Last Child - 2022 Scholastic Regional Gold Key Winner

I am the last child

To sharecroppers and royal tailors,

To evangelists and musicians.

A composer strikes fear in my heart;

The metallic thrum of the lower E string resonates violently in blooms of gorgeous rust.

A farmer lulls my lungs into eustress apathy;

I have nothing to give but love at the altar of cottonseed breezes and cold western zephyrs.

There is a romance to being born from a struggle.

There is a power to knowing where you came from.

But all that control is lost in the piercing heat of their flames-

The weight of your ancestors' baggage as it bursts into flames on your back.

Years of simmering become a new disaster every day,

I hesitate to call it natural.

Spending life at the edge of blows, the edge of my car seat;

Walks at night in hushed bickers, playing nice when it fits their needs.

Pleading for help, only hearing what we already knew.

We do not know what it means.

We can not help you.

When two burned children meet

They spark and love out of debt to themselves, liberated by the knowledge they will be the last.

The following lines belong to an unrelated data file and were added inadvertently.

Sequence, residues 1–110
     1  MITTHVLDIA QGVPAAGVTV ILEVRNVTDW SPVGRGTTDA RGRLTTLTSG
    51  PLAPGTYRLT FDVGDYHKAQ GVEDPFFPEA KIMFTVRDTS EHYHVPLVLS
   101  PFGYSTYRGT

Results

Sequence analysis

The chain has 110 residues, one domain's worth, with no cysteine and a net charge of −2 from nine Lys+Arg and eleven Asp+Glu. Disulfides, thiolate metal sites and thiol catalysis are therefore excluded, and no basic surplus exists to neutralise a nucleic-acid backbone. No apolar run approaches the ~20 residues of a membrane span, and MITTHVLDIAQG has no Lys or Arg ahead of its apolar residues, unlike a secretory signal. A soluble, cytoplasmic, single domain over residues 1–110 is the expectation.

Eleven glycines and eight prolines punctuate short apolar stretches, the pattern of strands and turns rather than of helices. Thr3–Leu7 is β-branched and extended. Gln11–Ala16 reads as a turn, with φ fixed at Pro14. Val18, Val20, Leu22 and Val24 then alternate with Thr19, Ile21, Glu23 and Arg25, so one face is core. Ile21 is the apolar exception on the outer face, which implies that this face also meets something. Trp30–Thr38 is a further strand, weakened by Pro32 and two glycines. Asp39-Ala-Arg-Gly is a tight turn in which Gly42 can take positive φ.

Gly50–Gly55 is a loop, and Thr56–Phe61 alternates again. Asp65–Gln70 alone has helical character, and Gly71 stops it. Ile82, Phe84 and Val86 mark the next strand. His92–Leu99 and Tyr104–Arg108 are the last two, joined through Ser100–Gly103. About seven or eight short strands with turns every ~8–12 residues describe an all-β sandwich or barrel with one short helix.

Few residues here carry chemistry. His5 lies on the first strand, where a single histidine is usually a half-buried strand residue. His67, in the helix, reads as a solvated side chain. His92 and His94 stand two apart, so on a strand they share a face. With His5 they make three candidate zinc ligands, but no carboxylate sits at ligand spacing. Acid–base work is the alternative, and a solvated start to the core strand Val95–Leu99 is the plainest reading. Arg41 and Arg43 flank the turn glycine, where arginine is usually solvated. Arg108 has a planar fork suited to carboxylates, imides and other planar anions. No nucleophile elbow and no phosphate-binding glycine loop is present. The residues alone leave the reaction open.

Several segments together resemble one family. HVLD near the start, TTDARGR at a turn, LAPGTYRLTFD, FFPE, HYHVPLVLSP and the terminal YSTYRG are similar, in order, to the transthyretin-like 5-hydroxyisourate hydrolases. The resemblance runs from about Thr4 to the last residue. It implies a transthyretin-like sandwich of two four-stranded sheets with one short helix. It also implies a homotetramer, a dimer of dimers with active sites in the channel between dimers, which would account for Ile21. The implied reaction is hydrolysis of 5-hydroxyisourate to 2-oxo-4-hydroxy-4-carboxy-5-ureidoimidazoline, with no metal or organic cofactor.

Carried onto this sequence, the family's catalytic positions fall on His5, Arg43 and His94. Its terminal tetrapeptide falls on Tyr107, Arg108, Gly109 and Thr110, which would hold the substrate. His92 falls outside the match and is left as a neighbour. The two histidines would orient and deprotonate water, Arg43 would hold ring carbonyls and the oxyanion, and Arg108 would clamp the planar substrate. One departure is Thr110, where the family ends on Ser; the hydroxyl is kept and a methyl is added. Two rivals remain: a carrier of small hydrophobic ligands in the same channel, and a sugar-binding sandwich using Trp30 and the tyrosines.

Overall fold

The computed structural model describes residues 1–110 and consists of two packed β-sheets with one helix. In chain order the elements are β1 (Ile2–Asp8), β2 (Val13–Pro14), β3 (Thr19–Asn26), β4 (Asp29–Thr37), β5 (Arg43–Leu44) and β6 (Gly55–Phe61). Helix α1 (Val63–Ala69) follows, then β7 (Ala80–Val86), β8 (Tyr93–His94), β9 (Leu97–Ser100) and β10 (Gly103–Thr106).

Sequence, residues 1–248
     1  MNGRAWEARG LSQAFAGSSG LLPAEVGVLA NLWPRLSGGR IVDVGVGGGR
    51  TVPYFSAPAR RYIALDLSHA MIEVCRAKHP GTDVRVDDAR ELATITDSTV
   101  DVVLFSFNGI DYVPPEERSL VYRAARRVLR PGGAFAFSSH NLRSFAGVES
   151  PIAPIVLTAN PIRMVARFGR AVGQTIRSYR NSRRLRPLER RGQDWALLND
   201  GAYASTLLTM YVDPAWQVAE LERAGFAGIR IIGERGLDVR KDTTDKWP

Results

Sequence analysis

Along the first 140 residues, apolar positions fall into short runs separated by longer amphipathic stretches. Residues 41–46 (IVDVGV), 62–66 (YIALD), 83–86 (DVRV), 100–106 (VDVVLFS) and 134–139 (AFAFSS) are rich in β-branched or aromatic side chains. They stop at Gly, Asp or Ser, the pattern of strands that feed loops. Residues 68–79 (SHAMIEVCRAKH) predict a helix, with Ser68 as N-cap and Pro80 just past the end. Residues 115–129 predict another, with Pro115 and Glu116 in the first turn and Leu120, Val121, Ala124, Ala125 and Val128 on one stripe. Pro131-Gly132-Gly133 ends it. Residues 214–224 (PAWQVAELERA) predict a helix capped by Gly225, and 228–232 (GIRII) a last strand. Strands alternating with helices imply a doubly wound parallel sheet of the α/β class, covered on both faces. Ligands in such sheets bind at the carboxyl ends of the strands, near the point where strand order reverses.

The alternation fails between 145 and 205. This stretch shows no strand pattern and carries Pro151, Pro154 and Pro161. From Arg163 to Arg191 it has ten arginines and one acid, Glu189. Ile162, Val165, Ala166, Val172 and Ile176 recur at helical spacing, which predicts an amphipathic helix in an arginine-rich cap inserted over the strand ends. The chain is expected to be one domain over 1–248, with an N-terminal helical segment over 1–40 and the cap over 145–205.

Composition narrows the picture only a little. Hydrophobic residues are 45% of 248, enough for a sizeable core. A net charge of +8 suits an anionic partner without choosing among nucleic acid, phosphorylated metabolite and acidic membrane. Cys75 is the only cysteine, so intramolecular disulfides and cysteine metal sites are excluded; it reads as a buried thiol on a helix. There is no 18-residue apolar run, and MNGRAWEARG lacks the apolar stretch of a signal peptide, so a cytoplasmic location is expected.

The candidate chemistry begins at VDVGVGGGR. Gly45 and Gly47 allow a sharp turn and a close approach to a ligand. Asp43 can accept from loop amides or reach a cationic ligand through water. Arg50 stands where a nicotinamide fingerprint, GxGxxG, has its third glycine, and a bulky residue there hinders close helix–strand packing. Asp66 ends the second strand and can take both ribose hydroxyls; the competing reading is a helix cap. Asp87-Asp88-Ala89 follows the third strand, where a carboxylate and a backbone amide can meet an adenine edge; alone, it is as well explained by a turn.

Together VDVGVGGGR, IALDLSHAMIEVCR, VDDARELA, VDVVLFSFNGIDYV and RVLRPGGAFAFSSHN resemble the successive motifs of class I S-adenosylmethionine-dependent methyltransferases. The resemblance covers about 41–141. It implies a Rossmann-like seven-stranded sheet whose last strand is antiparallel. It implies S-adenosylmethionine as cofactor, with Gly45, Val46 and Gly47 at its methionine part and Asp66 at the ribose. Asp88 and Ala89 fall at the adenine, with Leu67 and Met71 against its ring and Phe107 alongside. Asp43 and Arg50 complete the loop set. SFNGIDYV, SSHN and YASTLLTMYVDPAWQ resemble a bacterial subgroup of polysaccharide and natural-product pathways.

Yet when they are no longer alone

Everything they made explodes.

It’s only like dropping a match in an oil canister

Nothing compared to the unbound infernos of their ancestors

But like a forest fire to the last child.

The foundation of everything is burned to pieces

And the last child can never see what it was.

Everything from those happy amiable before

Is uprooted, shaking the charred land

Eroding into the river

Until it all crumbles into a hopeless flood,

And they are inundated by a harsh reality of tidal waves and whitewater.

The morning they declared him dead

I think I had already known.

I didn’t shed any tears.

A relieved smile lulled on my face,

As I flicked through pages of a book dripping with rainbows.

My own future traipsed preoccupied along the blinds,

While my past was burned to ash.

At his funeral

I choked on my own salt

As I watched her cry

I watched him falter

For good words, for something to say to those who looked on

Without truly knowing what they were witnessing

The temple was half full

For a man that laid faded blemishes on my fathers arms

That silenced the women who fought to make the world safe for me

Ignored the ridged white lines that pale my skin, like serrated streaks of marble.

I waited

And waited